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Diagnosis and Management of Vascular Dementia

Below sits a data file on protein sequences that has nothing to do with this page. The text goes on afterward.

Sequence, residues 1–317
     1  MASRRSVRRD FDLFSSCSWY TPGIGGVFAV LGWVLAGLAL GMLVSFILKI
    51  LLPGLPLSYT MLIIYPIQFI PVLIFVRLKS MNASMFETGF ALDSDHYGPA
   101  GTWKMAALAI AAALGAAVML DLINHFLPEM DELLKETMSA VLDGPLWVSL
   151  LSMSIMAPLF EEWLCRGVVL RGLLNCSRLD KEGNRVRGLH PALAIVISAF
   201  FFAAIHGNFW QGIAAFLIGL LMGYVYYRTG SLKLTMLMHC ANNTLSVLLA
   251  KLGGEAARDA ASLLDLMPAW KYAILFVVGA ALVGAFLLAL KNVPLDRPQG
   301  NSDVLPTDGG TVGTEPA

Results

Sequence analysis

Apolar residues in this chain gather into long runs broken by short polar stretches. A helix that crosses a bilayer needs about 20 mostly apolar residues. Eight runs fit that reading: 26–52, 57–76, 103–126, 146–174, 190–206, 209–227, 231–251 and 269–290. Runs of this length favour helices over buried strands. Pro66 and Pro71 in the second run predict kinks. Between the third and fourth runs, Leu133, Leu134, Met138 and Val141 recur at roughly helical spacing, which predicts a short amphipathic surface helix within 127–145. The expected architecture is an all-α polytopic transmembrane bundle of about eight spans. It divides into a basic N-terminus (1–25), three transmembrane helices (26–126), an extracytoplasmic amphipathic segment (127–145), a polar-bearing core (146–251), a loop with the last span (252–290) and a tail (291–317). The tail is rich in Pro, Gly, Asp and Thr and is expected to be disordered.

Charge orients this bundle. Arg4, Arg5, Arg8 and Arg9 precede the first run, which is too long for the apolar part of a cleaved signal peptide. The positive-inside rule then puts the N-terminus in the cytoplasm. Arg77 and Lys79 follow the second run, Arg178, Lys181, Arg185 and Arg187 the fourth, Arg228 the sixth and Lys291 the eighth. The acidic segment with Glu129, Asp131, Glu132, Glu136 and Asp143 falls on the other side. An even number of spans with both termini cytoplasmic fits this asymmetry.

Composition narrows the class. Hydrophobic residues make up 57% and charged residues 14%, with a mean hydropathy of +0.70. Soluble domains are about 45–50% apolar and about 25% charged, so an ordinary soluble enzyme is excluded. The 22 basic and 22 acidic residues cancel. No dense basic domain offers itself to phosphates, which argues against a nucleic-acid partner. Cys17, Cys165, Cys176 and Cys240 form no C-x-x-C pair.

good morning my name is dr. Steven Chen,I may use geriatric psychiatrist here at,UCLA and the topic I’m going to present,today is on vascular dementia so for,those of you who may have participated,in our webinars before and and to those,who are joining us new you can post,questions you can ask questions using,Twitter or or commenting on facebook,using the hashtag UCLA and D chat if,you’re on Twitter okay so what is,vascular dementia I I sort of designed,this talk for family for caregivers for,people who live who work at facilities,who might care for some of these,patients so what is vascular dementia,I’ll start first by talking about what,vascular dementia is not it’s unlike,Alzheimer’s disease unlike,frontotemporal dementia or Lewy body,dementia,the problem with vascular dementia is,not in the brain it’s not with those,other types of dementias,the problem is within the brain cells or,between the brain cells with faster,dementia the problem actually starts,with the blood vessels that that supply,the brain with blood and oxygen so,usually there’s the the types of,vascular problems or blood supply,problems in vascular dementia are what,we call ischemia or inadequate blood due,to narrowing of the arteries or,sometimes there can be a bleed that,causes disruption of blood supply to the,oxygen and that leads to death of or our,injury of brain cells,causing dysfunction of those particular,that particular part of the brain so you,can have either large single strokes,that can affect brain function you can,also have what we call micro vascular,injuries or a diseased small where small,vessels are involved and small parts of,the brain are damaged over a longer,period of time and they may not be,noticeable they may not manifest as what,you might expect from a stroke it may be,a very very subtle or what we call,subclinical type of injury they don’t,really have any clinical symptoms,associated with that until they,accumulate gradually over time so so,this problem with the vascular or blood,supply to the brain can sometimes lead,to dementia and that’s where we have,cases of vascular dementia and what is,dementia some of you may have,participated in some of our other,webinar series webinars in this series,know that the dementia is defined as an,impairment in memory or other cognitive,functions as well as impairment in one’s,functioning so not only do they have,memory impairment or problems with word,finding or maybe finding their way,around or disorientation but also with,problems with daily activities so,problems with say managing finances or,driving or running errands that’s what,we mean by functional impairment what,are some of the common clinical features,of vascular dementia usually there’s,some abrupt onset and symptoms so,there’s the patient is doing fine they,seem normal and then there’s an abrupt,change in their ability to remember,or ability to think and then over time,there can be a stepwise decline as you,as the patient experiences either small,or large vascular events or even strokes,and this commonly can affect one’s gait,or ability to walk it can affect other,motor abilities such as fine motor you,know motor coordination it can also,affect one’s ability to control bladder,or bowel so that can lead to,incontinence and then it can also affect,one’s mood the patient might seem a,little bit more have a little bit more,uncontrolled trouble controlling their,mood or their affect so they might,actually you know laugh or cry,inappropriately or at for no apparent,reason how common is vascular dementia,well in the United States vascular,dementia represents the second most,common type of dementia Alzheimer’s,disease is by far the most common type,of dementia comprising a but roughly,two-thirds of cases but vascular,dementia comes second representing,somewhere between ten and twenty percent,of all cases of dementia and amongst the,elderly seventy plus your year old,people about 4.2 percent have vascular,dementia vascular dementia is more,common in men than in women it’s also,more common in African Americans as well,as Asians suggesting there may be some,genetic component to to the risk but,there may also be some associated,lifestyle factors as well we know that,so in Japan vascular dementia is,actually the most common type of,dementia we may,we think that maybe diet is is an,important factor interestingly Hawaiians,who are of Japanese descent so they,maybe they have they share some of the,genes with their Japanese relatives but,they also have a different diet a,different lifestyle their risk for,vascular dementia is actually somewhere,in between people who are Japanese,living in Japan and people who are not,Japanese living in the u.s. so I’d like,to compare vascular dementia to,Alzheimer’s disease to sort of give a,sense as to how these two are different,so with faster dementia as as I said in,the first slide are caused by strokes,both large and small that lead to to,damage or dysfunction of parts of the,brain and whereas in Alzheimer’s disease,it’s related to problems with the brain,cells and also the the actual brain,tissue parts of the brain that lie,between cells the onset of vascular,dementia is usually abrupt whereas with,Alzheimer’s it’s more insidious and and,maybe it just kind of creeps up on you,and then over time with vascular,dementia you might see a stepwise,decline as opposed to Alzheimer’s,disease it is more of a gradual,progressive course both vaster dementia,and Alzheimer’s patients will experience,memory loss however they may be at the,earlier stages there may be some,distinction in the type of memory loss,and Alzheimer’s patients tend to be more,amnestics so they’ll have trouble,remembering words or remembering events,even if you give them clues or hints,embassador dementia they are able to,store the memory or in,code the memory they just have,difficulty recalling the memory or,retrieving the memory so if you in a,typical test in the office we might give,them three words to remember and the,people with vascular dementia won’t will,have difficulty remembering the words,but if you give them clues they will,often be able to then retrieve that,those words both types of dementia can,are associated with psychiatric symptoms,including depression and apathy anxiety,agitation one distinction between,vascular dementia and Alzheimer’s is,that depression tends to be more common,and vascular dementia,whereas in Alzheimer’s disease apathy or,a lack of motivation or interest is is,more more common this slide shows a,comparison of MRIs of a patient with,vascular dementia and a patient with,Alzheimer’s disease and so the the,distinctions that I’d like to point out,are highlighted by the arrows so for,vascular dementia the red arrows are,pointing to the the white parts of the,brain these are changes this is what,happens to brain tissue when there has,been some disruption of vascular supply,so this is what this is what strokes,would look like over time on MRI whereas,the on the bottom set of slides a,patient with Alzheimer’s disease the,yellow arrows point to the spaces the,black spaces in between the what we call,gyri of the brain so in between brain,and that’s cerebrospinal fluid so that,has really no you know that’s,what fills up the brain when there’s,loss of brain tissue and in Alzheimer’s,disease there is a trophy or a shrinking,of brain tissue and so what fills that,up is is CSF which is in black so you,see I’m sorry I don’t have a comparison,to a normal patient or a patient without,Alzheimer’s disease but what what the,arrows illustrate are a enlargement of,CSF space so the first one are an,enlargement of what we call sulci and,then the the next slide is in the next,two slides are enlargement of ventricles,that contain cerebrospinal fluid makes,dementia so what do we mean by mixed,dementia it basically means a,combination of vascular dementia and,Alzheimer’s disease many people with,vascular dementia will also have,Alzheimer’s disease so on this Venn,diagram to the right illustrates first,of all the the larger proportion of,patients who have Alzheimer’s disease,and there’s an overlap with some portion,of vascular dementia patients who have,both and that is what we refer to as a,mixed dementia vascular dementia and,Alzheimer’s disease though they do have,distinctions they also share some,similar risk factors age is the largest,risk factor for both the presence of,hypertension and diabetes as well as,obesity are also shared risk factors for,both Alzheimer’s disease and vascular,dementia and then the final point on the,slide is this to show that the someone,with who has Alzheimer’s disease,the course of their illness can very,much be affected by the presence of,vascular disease so in the red you see,what a typical course of someone with,only vascular dementia might be it’s a,sort of a stepwise decline in the dark,blue is an illustration or a schematic,of how a typical course Alzheimer’s,disease might progress just gradually,and progressively and then someone with,mixed dementia you’ll see will progress,gradually at some points and then have,some stepwise decline in between which,results in a overall more rapid,progression of their dementia and then,you can have someone with very clean,Alzheimer’s disease without any vascular,disease that would progress more slowly,so again the the progression of,Alzheimer’s can either be accelerated or,slowed down depending on how much,vascular disease there is what can we do,about vascular dementia well first of,all the bad news there is no cure and,there is no fda-approved medication to,treat faster dementia however more so,than the other types of dementia is,faster dementia is preventable and we do,this by trying to control risk factors,for stroke if one has elevated blood,pressure or cholesterol or diabetes man,optimal management of those conditions,should reduce the risk for developing,vascular dementia also evaluation for,heart disease is also very important,because our,any certain types of heart disease can,increase risk for developing clots and,those clots can travel from the heart to,the brain and cause a stroke so it’s,very important also not only to look at,overall vascular health but also,cardiovascular health or issues related,to keeping the heart healthy there are,data that suggests that cholinesterase,inhibitors which include an episode or,aricept rivastigmine or exelon as well,as memantine or namenda there there are,data that suggest that these agents are,effective in at least temporarily,improving memory or thinking and in,patients with vascular dementia we may,not be able to cure or necessarily treat,and effectively treat vascular dementia,but it is important to try to treat the,psychiatric symptoms that may emerge,over the course of the illness again a,couple slides ago I mentioned depression,is quite common and vaster dementia so,if the patient develops depression on,top of vascular dementia it should be,treated with typically with,antidepressants though at this point,there are not very good studies that,show that treating patients with,vascular dementia and depression are,effective but I think they are worth,worth prescribing and finally just like,with all the other types of dementia,that affect the patient’s functioning,it’s important to and it’s important to,provide support not only for the patient,but also for the caregiver and to have a,good evaluation of the environment,some of the behavioral disturbances or,psychiatric symptoms that are associated,with all the dimensions are often the,most challenging aspect of managing,these illnesses and they don’t respond,very well to some of our medications,they do respond to modifying the,environment so that the patient and the,caregiver are well supported that the,patient has what they need in their,everyday lives to do not become agitated,or upset or depressed so things like,making sure that they have the,appropriate stimulation at home or in,the facility making sure that all of,their needs are met basic things like,hunger and thirst and going to the,bathroom,so just like with all the other,dimensions the management of vascular,dementia is no different in terms of,support for the patient and the,caregiver and the environment so this,concludes my presentation again a,reminder if you’d like to ask questions,please use the hashtag UCLA MD chat on,Twitter or our comment on our Facebook,page,so I’ll just take a look at some of the,questions that have been fed through,sorry they’re quite of okay so first,question are there any lifestyle factors,that might help prevent faster dementia,yes we think so,and they are the same factors as what we,think might prevent or at least slow,down the progression of Alzheimer’s,disease and those things are,common-sense things like daily exercise,a healthy diet ones one that includes,multiple servings of fruits and,vegetables each day staying active both,mentally and socially in addition to,physical exercise second question what,type of doctors should I consult with if,I think my loved one has vascular,dementia well I’m a geriatric,psychiatrist I certainly sealed a number,of patients who have vascular and mixed,dementia so one option is to see a,geriatric psychiatrist I know not not,all parts of the country have have,access to geriatric psychiatrists a,psychiatrist an adult psychiatrist who,may have experience with with the,geriatric population who maybe visits,skilled nursing facilities or assisted,living facilities where this is a very,common problem may also be a good idea,geriatric medicine doctors these are,doctors who are internists but also have,received specialty training and,geriatric medicine they are also seeing,a lot of these patients and and may have,some good ideas about,management and an evaluation also,neurologists these are doctors who,specialize who are trained and all sorts,of brain illnesses including Alzheimer’s,and vascular dementia so they would be,another very good resource if you have,if you know of someone who might have a,vascular dementia okay,it looks like those are all the,questions that we have so I want to,thank you very much for participating in,today’s webinar and if you have,additional questions you can certainly,continue to later on you can certainly,continue to tweet them or or add them to,comments on our Facebook page thank you,very much